Steinberg: Are you a real person?

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Stephanie Scott is a forensic psychiatrist, football lover, journalist and educator. Elli Mcguirk is also a forensic psychiatrist, as well as a dancer backpack ninja, web talent and “good friend.” Raina Tipps is also a backpack ninja.

Forty-seven people followed me on Twitter Monday. Much more than the usual handful I expect in a day. I couldn’t help but look closely at my new flock. Perky young women, mostly, with odd, strangely capitalized names, sharing a suspicious confluence of interests. Romaine Mcpeters, Tanya Preusser and Margot Lopez are each a self-proclaimed “beer drinking coffee junky,” as opposed to Marta Sumter and Laura Salzman who are just coffee ninjas, and Melba Mcclary, a mere coffee “enthusiast.”

It dawned on me — quite quickly, considering all the years I thought the Kinks song “Lola” was about a girl — that these were not the Twitter identities of actual people who had fallen under the spell of my high quality journalism, but faux identities generated by computers.

The idea is, you are followed by a robot, glance and see a pretty face who also likes coffee, and you follow them back, then suddenly are getting their curious blend of non sequitur factlets — “Apart from the burial of Unas, only the Pyramid of Teti displays the Cannibal Hymn” — intermixed with come-ons for holistic websites: “5 Natural #Herbs To Detox Damaged Lungs.”


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If you are unfamiliar with Twitter — and geez, get with the program, at this point it’s like being unfamiliar with shampoo — it’s an online communication network where you blast messages at your band of followers while in turn being blasted by messages of the people you follow. Somehow in all this, communication occurs, or did, before all this random commercial garbage began to gum it up.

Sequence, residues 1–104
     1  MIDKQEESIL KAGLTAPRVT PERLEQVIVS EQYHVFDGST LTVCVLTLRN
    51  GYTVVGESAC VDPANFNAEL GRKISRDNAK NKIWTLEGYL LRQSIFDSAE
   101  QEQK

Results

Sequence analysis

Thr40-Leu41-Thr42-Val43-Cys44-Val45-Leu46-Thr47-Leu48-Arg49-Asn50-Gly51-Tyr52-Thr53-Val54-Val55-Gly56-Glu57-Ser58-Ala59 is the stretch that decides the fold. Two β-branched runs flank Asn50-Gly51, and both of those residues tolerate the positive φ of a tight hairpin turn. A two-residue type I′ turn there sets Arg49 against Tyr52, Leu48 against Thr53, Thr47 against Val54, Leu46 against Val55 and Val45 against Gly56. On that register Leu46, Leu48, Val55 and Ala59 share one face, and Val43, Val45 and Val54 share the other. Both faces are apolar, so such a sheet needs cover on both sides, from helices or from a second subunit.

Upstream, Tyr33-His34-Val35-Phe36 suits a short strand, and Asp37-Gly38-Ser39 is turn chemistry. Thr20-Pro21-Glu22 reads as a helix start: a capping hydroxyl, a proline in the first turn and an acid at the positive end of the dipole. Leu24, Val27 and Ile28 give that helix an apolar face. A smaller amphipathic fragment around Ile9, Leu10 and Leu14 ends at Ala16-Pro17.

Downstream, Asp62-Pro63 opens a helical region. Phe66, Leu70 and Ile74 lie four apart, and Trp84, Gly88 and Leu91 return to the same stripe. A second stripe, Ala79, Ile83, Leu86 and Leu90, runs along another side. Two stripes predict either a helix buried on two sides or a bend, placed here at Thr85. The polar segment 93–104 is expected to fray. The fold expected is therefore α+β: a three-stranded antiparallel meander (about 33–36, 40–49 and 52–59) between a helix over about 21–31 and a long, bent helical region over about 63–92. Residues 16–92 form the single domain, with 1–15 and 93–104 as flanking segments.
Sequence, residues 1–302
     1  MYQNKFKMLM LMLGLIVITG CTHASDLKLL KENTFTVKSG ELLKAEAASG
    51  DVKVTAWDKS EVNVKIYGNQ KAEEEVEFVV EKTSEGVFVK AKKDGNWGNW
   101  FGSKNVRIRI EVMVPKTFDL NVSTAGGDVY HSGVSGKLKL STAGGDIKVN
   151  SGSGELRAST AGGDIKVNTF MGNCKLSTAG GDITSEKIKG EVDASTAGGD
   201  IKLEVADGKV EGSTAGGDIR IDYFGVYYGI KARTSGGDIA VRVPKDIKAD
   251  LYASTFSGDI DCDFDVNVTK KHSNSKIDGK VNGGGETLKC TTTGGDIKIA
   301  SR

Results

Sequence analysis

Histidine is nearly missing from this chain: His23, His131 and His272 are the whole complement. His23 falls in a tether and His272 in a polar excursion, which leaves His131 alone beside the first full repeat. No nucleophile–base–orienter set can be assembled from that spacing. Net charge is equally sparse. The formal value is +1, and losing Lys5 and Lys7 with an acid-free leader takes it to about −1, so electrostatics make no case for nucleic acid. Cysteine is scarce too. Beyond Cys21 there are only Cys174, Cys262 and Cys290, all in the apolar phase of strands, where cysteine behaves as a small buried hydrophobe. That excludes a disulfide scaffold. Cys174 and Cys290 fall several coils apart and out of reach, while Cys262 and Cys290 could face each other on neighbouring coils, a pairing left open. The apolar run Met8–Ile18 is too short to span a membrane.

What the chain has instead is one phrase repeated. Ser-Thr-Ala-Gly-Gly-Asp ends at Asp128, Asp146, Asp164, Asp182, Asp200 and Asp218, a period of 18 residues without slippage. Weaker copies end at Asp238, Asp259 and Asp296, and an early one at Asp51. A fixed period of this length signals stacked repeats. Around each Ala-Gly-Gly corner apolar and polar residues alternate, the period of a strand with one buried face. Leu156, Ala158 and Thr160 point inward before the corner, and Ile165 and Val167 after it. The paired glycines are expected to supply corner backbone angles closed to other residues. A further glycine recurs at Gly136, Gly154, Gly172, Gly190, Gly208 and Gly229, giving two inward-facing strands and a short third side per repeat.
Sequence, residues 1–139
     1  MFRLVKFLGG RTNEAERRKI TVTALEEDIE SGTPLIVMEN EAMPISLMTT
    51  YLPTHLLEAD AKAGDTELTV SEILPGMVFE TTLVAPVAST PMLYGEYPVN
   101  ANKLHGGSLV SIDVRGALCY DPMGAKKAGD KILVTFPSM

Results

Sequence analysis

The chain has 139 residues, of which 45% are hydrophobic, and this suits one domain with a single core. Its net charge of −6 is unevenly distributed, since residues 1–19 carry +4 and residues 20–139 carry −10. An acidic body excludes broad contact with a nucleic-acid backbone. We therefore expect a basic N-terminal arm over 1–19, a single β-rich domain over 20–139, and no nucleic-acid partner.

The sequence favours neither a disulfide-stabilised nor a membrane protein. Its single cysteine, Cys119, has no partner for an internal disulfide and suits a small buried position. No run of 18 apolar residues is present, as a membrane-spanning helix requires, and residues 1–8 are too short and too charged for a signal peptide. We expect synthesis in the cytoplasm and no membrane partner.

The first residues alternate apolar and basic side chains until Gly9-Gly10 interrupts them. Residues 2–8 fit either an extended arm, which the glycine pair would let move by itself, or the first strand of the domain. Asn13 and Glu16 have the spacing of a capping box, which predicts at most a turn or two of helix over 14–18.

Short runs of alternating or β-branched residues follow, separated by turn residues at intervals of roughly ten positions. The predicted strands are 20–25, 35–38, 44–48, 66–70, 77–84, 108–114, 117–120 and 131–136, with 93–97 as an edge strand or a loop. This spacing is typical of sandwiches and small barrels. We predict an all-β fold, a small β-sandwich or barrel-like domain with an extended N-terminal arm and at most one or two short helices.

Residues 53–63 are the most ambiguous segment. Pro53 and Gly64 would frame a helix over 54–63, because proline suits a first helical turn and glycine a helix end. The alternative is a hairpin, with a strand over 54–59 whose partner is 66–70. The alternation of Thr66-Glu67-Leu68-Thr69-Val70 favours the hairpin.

Fake Twitter accounts are not news, except to me. The fake accounts story has been rattling around for a few years. Back in the 2012 election, it was pointed out that a significant percentage of Barack Obama’s and Mitt Romney’s fan base were fake accounts. The way it works is you go to certain sites where you basically buy followers, for a penny apiece. These drive up your Twitter numbers, and people are more impressed with you.

I wondered where they got the photos, so plugged a few into Google’s image search. Ammie Arthurs, a Halle Berry type, was swiped from “The Hottest Short Hairstyles & Haircuts for 2015.” Elli Mcguirk? The photo was actually Elena Mazur, a communications consultant in Toronto. Maryjo Kratz was Julia Khorramchahi, a “Brazilian/Iranian human being” and “digital marketer” also from Toronto. The “human being” made me suspicious — could these Canadian flaks be using their own photos to generate fake accounts? I sent a few queries and Khorramchahi responded.

“Defnitely NOT my doing!” she tweeted to me. “Thanks for pointing it out; will report that account right away.”

OK then. I was left with the moral quandary. A person on Twitter is judged, in part, by the size of the following herd. As it happened, Monday’s busload of mannequins pushed me over the 5,000 follower mark, a milestone I had been anticipating for a while, though grimly aware how small beans that is on the online world.

So some of my followers on Twitter are not a cargo cult of actual living people, scanning the skies for my next essay. Who cares? We already tolerate people in our lives who really aren’t there. The woman guiding you through giving your information when you call a credit card company is not really talking to you. Miss October, smiling alluringly from her centerfold, is not really here.

If you believe the view of the future in movies such as “Her” and “Ex Machina,” then we will happily have relationships with electronic intelligences and robot inamoratas.

Why not? Raggedy Andy was not really my pal, though I thought so at the time. Why not accept company where you find it? Perhaps as people become more robotic and absent, shuffling around, gazing at their phones, the phones will become more human and present. Talk about irony.

On second thought, no. I decided to purge my robot harem, on general principles. Boosting your numbers with fake followers is like wearing elevator shoes — the solution is worse than the problem.

So goodbye Frida Byham (“skiing fan”). Goodbye Jessica Phillips (“Total bacon specialist”). Goodbye Noelle Shyes (“Javadicted”). I have enough fake friends as it is without tolerating more.

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